Can expats work in the UK for more than 10 days?

 

Read our article in the Cayman Financial Review Magazine, eversion 

On 1 April 2011, the Financial Times reported that HM
Revenue & Customs had indicated that it would challenge the non-residence
status of individuals who spend more than 10 working days in the UK in a tax year.
Despite the timing this was not a joke and it led to a flurry of phone calls
from worried Cayman clients who certainly do work in the UK for more than 10
days but thought that they were safely non-UK resident as they spend far fewer
than 90 days in the UK in any tax year.

Is this an area for concern? Well let us step back and
consider how an individual becomes non-UK resident in the first place.

Essentially, if you are UK resident you can lose your UK tax
residence status in one of two ways.

Leaving permanently or indefinitely  

The first way is to leave the UK “permanently” or
“indefinitely”. HMRC will regard you as leaving “permanently” if you leave the
UK and are not going to return and regard you as leaving “indefinitely” if you leave
the UK to live abroad for more than 3 years and you might eventually return but
have no current plans to do so.

If you leave the UK under this “test” it seems clear that
you need to sever your UK ties and show that you have made a “distinct break” with
the UK. A clear change in the pattern of your life is required and a permanent
home must be acquired overseas. Any remaining ties to the UK must be consistent
with being not resident in the UK. Your non-UK residence under this “test” may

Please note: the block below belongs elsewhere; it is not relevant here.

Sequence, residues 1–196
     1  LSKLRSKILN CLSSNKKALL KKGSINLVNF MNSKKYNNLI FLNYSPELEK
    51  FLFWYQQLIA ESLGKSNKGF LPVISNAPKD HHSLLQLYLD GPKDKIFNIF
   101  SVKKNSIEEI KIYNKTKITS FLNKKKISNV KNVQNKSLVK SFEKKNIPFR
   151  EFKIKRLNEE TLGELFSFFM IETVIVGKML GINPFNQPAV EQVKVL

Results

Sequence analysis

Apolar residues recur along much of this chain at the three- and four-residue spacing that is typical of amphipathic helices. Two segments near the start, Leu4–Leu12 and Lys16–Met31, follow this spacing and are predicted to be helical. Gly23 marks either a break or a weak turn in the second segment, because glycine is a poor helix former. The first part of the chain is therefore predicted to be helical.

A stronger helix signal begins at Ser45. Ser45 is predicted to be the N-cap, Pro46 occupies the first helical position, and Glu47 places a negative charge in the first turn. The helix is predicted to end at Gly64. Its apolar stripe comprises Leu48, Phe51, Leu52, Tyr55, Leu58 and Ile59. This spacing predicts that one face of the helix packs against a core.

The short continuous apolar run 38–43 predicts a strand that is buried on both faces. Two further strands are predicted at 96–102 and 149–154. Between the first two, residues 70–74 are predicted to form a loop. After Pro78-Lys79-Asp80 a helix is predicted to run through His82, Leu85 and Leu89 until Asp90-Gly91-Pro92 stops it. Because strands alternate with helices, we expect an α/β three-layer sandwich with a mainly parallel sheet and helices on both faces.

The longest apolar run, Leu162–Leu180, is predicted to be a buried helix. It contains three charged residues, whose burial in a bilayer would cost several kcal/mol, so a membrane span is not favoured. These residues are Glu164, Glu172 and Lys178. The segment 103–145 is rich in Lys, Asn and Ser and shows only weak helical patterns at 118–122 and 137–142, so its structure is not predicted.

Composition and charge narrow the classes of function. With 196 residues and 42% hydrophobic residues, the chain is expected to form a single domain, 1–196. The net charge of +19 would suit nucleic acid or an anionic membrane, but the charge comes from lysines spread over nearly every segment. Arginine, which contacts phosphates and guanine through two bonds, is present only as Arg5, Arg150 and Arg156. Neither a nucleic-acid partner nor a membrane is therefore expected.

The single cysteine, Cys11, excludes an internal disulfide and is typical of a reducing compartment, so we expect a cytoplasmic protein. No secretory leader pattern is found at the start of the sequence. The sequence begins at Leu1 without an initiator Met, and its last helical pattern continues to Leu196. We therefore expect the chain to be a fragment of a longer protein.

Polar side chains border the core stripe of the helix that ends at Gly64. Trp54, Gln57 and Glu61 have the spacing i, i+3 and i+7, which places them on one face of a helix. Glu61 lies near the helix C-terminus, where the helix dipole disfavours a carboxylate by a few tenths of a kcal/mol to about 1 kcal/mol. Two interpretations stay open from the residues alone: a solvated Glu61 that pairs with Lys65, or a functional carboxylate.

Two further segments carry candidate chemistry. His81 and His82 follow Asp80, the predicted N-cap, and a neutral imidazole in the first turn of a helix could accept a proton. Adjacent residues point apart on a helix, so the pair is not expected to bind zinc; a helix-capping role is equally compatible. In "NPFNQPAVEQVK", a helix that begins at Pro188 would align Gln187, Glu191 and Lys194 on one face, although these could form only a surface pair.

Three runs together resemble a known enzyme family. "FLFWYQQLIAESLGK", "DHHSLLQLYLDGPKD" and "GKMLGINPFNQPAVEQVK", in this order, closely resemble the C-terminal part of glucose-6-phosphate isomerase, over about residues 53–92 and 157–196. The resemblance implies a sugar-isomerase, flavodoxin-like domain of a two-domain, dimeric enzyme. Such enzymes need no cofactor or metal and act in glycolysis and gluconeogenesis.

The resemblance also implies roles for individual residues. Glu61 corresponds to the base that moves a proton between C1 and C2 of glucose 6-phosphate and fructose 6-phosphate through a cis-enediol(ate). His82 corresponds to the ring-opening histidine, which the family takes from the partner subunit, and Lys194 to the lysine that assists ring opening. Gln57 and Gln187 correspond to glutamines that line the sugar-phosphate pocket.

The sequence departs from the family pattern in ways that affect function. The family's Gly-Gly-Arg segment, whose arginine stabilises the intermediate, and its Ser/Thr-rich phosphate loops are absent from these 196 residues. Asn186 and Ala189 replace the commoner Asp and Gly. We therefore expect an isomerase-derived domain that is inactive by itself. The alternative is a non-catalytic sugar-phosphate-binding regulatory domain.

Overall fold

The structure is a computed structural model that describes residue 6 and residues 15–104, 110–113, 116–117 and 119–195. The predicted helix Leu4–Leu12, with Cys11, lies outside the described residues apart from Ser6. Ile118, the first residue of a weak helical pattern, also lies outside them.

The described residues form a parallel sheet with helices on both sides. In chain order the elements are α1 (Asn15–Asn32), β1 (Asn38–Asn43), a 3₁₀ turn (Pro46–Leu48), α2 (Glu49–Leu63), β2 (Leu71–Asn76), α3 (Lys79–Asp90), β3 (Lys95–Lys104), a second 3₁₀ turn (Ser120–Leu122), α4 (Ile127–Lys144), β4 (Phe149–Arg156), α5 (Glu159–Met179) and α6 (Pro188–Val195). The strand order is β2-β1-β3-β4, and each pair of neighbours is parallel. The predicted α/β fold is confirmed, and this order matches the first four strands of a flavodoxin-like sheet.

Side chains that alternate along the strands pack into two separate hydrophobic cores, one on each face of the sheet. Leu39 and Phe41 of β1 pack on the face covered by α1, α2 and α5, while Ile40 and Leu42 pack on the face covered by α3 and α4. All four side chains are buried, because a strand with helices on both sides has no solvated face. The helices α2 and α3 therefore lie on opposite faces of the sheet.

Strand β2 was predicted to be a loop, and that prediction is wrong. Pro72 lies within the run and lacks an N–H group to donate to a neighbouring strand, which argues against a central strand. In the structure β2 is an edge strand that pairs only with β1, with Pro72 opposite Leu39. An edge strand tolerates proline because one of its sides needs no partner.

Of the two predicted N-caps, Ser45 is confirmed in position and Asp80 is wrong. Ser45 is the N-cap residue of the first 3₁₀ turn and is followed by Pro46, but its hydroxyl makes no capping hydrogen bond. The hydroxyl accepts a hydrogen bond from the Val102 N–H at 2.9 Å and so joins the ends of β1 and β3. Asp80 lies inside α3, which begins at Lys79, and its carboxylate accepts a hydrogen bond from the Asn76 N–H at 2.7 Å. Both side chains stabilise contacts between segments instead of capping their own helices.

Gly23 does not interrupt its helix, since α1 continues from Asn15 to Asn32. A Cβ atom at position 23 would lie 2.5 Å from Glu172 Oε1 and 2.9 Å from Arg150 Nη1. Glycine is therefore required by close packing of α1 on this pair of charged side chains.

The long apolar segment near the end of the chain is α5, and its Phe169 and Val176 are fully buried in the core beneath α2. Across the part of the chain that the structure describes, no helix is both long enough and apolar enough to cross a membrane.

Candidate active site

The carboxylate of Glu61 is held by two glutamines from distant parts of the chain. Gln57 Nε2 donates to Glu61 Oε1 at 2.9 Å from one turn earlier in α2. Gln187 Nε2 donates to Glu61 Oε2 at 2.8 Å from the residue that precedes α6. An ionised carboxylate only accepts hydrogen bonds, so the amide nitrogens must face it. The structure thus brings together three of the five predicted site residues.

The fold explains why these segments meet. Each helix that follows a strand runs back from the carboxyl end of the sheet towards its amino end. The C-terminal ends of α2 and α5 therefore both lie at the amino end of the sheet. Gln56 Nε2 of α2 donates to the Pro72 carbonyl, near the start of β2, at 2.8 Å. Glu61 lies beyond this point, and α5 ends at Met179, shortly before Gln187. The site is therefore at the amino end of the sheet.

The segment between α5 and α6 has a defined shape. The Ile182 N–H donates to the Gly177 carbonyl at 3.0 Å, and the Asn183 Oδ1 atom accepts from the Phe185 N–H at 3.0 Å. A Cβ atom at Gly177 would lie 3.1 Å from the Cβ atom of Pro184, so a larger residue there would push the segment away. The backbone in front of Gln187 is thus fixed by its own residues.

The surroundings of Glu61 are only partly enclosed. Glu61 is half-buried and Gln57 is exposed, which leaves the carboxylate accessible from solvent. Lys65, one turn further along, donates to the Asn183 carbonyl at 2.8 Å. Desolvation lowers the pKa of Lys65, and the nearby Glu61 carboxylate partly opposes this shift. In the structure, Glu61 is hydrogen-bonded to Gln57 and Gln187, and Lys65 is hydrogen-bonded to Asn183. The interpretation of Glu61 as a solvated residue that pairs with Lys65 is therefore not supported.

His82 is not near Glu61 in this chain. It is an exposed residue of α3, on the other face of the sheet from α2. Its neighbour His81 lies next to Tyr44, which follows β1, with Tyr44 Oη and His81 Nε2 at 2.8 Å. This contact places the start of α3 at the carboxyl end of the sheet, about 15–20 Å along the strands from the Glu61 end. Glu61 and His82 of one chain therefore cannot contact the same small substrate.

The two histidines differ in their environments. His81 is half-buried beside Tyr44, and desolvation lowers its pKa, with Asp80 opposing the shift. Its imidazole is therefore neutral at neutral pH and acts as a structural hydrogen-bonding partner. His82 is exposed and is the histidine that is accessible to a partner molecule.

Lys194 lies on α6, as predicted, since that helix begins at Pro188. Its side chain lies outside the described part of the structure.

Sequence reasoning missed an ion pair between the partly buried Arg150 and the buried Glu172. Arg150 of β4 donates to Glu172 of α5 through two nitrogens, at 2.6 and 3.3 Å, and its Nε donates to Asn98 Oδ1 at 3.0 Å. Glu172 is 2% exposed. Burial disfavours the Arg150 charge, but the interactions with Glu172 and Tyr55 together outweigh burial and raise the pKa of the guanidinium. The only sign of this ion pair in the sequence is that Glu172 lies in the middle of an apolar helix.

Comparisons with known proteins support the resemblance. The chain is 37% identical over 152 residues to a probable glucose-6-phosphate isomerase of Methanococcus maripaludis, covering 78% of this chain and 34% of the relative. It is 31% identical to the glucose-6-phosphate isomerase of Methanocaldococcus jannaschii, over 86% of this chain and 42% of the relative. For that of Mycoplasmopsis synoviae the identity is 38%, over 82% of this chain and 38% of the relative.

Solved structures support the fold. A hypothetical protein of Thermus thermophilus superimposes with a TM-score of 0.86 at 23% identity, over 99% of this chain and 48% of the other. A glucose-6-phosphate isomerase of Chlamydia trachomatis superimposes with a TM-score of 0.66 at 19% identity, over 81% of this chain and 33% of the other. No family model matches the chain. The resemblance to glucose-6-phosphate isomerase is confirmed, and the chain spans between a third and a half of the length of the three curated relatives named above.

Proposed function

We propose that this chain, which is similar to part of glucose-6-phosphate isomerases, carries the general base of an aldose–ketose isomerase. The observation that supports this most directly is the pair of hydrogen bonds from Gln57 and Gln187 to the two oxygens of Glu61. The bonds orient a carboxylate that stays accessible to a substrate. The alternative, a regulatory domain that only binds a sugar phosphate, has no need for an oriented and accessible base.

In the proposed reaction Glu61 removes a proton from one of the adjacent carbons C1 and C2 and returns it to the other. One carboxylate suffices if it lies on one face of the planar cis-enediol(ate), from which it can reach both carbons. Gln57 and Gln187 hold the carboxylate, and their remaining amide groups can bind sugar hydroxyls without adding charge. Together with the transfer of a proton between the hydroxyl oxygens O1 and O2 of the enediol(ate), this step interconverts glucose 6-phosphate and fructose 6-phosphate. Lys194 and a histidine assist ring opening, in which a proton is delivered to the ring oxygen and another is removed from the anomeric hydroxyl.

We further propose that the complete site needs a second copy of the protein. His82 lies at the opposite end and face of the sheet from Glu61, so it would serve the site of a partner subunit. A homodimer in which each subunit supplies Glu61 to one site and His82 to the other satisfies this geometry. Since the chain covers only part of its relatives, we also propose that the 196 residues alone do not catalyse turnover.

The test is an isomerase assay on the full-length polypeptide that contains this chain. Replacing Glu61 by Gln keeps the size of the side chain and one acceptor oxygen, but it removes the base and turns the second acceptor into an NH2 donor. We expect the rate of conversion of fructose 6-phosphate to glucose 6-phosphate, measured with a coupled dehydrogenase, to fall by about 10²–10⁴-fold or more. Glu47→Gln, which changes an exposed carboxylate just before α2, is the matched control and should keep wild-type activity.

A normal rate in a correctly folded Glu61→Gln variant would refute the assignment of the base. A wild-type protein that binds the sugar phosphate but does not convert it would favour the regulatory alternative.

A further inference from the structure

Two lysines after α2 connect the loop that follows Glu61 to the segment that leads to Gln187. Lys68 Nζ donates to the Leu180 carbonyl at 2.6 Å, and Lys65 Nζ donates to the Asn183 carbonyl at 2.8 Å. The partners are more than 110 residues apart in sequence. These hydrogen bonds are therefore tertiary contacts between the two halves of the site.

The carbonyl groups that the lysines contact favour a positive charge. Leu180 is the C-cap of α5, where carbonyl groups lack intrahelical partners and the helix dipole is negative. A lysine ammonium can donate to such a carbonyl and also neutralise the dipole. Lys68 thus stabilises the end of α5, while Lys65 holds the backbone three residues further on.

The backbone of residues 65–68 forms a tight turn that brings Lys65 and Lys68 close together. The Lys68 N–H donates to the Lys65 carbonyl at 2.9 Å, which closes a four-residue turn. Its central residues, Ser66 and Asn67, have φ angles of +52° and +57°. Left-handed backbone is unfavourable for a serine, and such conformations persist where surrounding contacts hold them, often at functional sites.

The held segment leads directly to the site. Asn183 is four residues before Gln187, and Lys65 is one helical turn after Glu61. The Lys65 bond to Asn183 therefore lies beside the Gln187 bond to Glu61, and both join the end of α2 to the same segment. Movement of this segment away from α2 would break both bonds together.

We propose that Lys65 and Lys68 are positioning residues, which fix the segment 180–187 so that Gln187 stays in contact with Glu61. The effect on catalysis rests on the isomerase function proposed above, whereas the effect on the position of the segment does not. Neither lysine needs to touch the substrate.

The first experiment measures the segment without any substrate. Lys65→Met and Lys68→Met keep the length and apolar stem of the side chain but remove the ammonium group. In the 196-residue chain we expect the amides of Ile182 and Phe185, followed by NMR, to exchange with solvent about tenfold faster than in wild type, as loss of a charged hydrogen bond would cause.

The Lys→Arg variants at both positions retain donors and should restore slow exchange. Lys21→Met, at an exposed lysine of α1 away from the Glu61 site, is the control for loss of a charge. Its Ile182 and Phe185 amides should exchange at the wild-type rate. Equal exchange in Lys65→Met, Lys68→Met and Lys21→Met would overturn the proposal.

be jeopardised in certain circumstances, for example, if you continue to travel
in and out of the UK frequently, or the circumstances of your life change
gradually, or you do not have strong ties to another country, or you retain UK
connecting factors such as social, family or business ties. It is certainly
becoming increasingly difficult to lose tax residence status in this first way.

Full-time work overseas 

The second way to become non-UK resident is to leave the UK
to work overseas under a full-time contract of employment (full time self
employment can also work). The recent HMRC statement seems to be aimed at this
method of becoming non-UK resident.

Recent case law indicates that you do not need to sever all
UK ties if leaving the UK under this “test”. Certain conditions must be met
though:

a) The work
must be full time abroad – HMRC regard “full time” as a minimum of 35 hours a
week.

b) The work
must continue over a period of at least one whole tax year.

c) You must
have physically left the UK when your employment begins.

d)Once you
have left, you must spend less than 183 days in the UK in any tax year of
absence or less than 91 days a tax year in the UK when averaged over the period
of absence.

Can I still work in the UK? 

HMRC do accept that if you are working overseas you may
still have to physically return to the UK, sometimes to do work (including
substantive work) in the UK. However, HMRC state that:

“You will be expected to show that the amount and nature of
any work carried out in the UK does not prevent the overseas work from
satisfying the criteria required for it to be considered full time”.

HMRC regard the following as some of the evidence that would
have to be presented to demonstrate that the work is indeed full time overseas:

  • A description of the nature of your work and
    responsibilities
  • The results of your work
  • Timetables of activities, including time spent and nature of
    work done in the UK
  • Reports that you made to your employer on your performance
  • A record of your annual leave